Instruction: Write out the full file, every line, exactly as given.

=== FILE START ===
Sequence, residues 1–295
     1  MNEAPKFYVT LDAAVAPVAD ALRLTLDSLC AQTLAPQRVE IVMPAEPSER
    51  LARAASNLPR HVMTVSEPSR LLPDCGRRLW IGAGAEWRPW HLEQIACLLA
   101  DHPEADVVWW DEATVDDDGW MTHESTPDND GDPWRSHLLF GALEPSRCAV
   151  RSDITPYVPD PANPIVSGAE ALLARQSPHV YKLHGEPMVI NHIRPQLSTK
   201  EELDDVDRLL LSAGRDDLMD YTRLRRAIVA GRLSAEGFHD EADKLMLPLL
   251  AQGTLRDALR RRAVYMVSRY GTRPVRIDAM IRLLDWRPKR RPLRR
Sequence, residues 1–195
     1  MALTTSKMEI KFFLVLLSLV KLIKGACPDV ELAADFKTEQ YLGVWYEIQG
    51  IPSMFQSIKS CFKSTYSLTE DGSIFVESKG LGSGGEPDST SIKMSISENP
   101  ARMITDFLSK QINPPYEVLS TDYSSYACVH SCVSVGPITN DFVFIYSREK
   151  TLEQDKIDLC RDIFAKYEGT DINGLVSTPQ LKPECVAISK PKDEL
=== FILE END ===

Sequence, residues 1–295
     1  MNEAPKFYVT LDAAVAPVAD ALRLTLDSLC AQTLAPQRVE IVMPAEPSER
    51  LARAASNLPR HVMTVSEPSR LLPDCGRRLW IGAGAEWRPW HLEQIACLLA
   101  DHPEADVVWW DEATVDDDGW MTHESTPDND GDPWRSHLLF GALEPSRCAV
   151  RSDITPYVPD PANPIVSGAE ALLARQSPHV YKLHGEPMVI NHIRPQLSTK
   201  EELDDVDRLL LSAGRDDLMD YTRLRRAIVA GRLSAEGFHD EADKLMLPLL
   251  AQGTLRDALR RRAVYMVSRY GTRPVRIDAM IRLLDWRPKR RPLRR
Sequence, residues 1–195
     1  MALTTSKMEI KFFLVLLSLV KLIKGACPDV ELAADFKTEQ YLGVWYEIQG
    51  IPSMFQSIKS CFKSTYSLTE DGSIFVESKG LGSGGEPDST SIKMSISENP
   101  ARMITDFLSK QINPPYEVLS TDYSSYACVH SCVSVGPITN DFVFIYSREK
   151  TLEQDKIDLC RDIFAKYEGT DINGLVSTPQ LKPECVAISK PKDEL